editors note: How often do we hand our hardware and our hopes to the (in)competence of others? (We welcome David to our crazy congress of Contributing Poets with this submission. Read more of his madness on his new page – check it out.) – mh clay
traveling soul by Carl Kavadlo
nyc – if you can picture that 1950’s scene
with larry rivers painting,
david anram on sax,
kerouac writing, allen ginsberg prancing.
the gray buildings, the gray new york,
the creaking dawn, the late-night diner conversations,
burroughs, corso, huncke, gangsters bars
on the west side, jack and bill strolling on 8th avenue only
when they walked on the wild west side
in mad, strange talk.
you wonder about that, sitting here,
the myth of the rainy night of kerouac’s lowell,
that mythic scene and
what it lets you imagine in your head, feel
in your body; the culture of the revolutionary art world
tenor men blowing in abandoned buildings,
shooting junk, mingus, ahmad jamal,
grady tate, monk, wes, winton kelly and that tinkling piano.
of course, of course it was a crest of culture unparalleled in
many respects anywhere.
it lives today, underground, overground, in my ears this
morning, in my eyes
i can tell you
they were building colossal buildings back there,
pyramids equal to the egyptians, monuments, tombs –
trees that would last forever.
October 18, 2020
editors note: Yes, in our ears, too. Listening, building… – mh clay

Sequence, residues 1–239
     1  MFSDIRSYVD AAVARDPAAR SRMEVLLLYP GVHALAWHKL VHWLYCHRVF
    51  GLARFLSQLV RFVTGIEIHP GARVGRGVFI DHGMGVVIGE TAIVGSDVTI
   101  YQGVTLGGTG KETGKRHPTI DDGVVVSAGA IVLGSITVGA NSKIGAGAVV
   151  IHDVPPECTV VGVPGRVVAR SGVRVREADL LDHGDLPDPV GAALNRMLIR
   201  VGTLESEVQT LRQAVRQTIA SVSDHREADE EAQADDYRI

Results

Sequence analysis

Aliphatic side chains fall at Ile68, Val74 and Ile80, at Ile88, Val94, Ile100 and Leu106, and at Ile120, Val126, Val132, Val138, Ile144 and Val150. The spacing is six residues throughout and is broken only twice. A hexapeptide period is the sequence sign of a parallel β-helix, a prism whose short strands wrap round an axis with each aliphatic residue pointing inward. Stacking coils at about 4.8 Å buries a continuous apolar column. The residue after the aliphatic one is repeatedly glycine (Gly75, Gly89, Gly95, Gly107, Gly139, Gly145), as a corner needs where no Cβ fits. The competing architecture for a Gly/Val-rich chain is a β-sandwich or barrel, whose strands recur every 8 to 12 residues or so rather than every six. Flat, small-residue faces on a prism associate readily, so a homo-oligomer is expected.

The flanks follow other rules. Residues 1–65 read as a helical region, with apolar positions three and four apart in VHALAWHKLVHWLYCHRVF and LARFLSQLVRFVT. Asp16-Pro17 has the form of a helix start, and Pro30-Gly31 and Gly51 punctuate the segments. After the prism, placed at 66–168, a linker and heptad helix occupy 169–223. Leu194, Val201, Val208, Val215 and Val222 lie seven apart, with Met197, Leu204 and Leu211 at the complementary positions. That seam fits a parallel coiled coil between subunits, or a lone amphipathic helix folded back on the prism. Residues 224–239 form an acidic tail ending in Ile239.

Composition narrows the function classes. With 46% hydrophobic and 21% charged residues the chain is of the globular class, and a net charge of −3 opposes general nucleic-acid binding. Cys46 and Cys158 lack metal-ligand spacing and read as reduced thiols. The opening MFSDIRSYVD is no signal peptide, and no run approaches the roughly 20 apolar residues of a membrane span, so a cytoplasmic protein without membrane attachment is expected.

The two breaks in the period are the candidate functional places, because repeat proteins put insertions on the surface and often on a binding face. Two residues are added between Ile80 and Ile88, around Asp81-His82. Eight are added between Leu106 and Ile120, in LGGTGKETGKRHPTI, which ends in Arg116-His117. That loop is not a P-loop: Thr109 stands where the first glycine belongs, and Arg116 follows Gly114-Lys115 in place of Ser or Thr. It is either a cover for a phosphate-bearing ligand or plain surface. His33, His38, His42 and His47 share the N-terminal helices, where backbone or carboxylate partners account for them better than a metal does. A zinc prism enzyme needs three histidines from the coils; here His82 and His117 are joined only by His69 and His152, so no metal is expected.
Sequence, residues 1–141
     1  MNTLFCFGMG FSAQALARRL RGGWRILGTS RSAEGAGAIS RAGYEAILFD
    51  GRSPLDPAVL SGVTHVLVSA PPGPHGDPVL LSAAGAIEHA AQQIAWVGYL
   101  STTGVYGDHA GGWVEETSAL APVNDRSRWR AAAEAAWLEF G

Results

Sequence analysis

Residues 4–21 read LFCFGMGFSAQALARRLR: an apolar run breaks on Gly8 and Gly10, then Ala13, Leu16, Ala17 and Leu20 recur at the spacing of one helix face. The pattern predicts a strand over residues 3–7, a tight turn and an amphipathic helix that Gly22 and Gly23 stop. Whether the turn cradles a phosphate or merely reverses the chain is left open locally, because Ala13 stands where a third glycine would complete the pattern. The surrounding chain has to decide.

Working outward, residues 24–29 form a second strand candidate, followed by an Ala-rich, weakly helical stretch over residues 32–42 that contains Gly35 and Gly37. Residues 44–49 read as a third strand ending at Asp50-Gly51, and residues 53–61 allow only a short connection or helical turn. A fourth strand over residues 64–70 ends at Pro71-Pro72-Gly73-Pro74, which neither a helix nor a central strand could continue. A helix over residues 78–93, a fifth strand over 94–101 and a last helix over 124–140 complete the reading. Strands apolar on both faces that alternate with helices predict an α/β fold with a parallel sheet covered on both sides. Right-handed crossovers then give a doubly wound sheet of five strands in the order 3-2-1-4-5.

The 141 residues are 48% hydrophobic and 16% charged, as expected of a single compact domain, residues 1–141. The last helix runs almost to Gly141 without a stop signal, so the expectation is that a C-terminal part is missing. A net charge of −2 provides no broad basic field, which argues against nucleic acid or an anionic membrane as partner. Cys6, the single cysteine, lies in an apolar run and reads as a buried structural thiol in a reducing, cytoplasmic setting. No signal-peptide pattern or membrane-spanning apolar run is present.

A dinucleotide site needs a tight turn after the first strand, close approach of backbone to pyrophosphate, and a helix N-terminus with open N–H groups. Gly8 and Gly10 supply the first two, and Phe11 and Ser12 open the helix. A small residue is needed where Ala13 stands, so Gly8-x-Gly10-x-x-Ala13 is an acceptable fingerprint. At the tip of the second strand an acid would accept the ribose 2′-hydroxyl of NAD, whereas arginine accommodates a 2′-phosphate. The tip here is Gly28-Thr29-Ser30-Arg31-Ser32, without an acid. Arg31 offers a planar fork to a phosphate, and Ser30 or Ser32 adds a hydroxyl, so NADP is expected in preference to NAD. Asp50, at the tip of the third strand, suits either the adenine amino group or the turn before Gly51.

••• Short Stories •••
Here’s what Short Story Editor Tyler Malone has to say about Taylor’s tale:
“Life is mostly routine. But what happens if you break the habits? Will that break you?”
And here’s a tease to get your read warmed up:
(photo “Hanging with Ghosts” by Tyler Malone)
A man fiddles with his top button and recounts his sadness. I sit, half-listening, as the speakers above us garble. With music or talk radio, I’m not sure. When I’ve had enough I go outside to smoke a cigarette. Someone asks to borrow my lighter and calls it pretty even though it’s not. I listen to three strangers discuss politics and it sickens me. A man laughs and then screams, laughs and screams, until the woman next to him asks him to stop.
The walk back frightens me. I’m not sure which side of the street I should walk on and I never recognize any of their names. I call the first person I think of and they pick up after six rings. I lie when they ask if I’m drunk. They have to go. I say me too, thanks for answering, goodnight, sleep tight, and so forth. I pull my keys out too soon, put them back into my bag, and then struggle to find them again. I miss the weight of a car key, its substance…
Stumble on over to get the rest of this read on!
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Short Story Editor